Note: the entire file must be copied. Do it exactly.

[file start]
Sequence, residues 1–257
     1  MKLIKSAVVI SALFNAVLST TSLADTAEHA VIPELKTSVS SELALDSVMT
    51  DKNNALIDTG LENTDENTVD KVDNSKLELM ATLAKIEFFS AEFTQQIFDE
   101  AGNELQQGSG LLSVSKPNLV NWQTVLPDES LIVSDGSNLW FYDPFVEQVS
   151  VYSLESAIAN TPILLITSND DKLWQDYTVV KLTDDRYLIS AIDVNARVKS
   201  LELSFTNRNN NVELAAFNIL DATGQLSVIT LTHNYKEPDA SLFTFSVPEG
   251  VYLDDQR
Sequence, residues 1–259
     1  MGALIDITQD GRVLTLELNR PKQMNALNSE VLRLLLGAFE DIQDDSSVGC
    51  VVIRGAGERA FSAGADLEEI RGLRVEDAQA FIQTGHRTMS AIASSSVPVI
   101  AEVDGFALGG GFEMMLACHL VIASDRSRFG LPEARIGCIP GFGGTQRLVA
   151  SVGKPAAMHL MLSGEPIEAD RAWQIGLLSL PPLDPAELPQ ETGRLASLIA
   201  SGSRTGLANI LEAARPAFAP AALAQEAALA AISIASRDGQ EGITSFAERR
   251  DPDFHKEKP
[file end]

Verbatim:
Sequence, residues 1–257
     1  MKLIKSAVVI SALFNAVLST TSLADTAEHA VIPELKTSVS SELALDSVMT
    51  DKNNALIDTG LENTDENTVD KVDNSKLELM ATLAKIEFFS AEFTQQIFDE
   101  AGNELQQGSG LLSVSKPNLV NWQTVLPDES LIVSDGSNLW FYDPFVEQVS
   151  VYSLESAIAN TPILLITSND DKLWQDYTVV KLTDDRYLIS AIDVNARVKS
   201  LELSFTNRNN NVELAAFNIL DATGQLSVIT LTHNYKEPDA SLFTFSVPEG
   251  VYLDDQR
Sequence, residues 1–259
     1  MGALIDITQD GRVLTLELNR PKQMNALNSE VLRLLLGAFE DIQDDSSVGC
    51  VVIRGAGERA FSAGADLEEI RGLRVEDAQA FIQTGHRTMS AIASSSVPVI
   101  AEVDGFALGG GFEMMLACHL VIASDRSRFG LPEARIGCIP GFGGTQRLVA
   151  SVGKPAAMHL MLSGEPIEAD RAWQIGLLSL PPLDPAELPQ ETGRLASLIA
   201  SGSRTGLANI LEAARPAFAP AALAQEAALA AISIASRDGQ EGITSFAERR
   251  DPDFHKEKP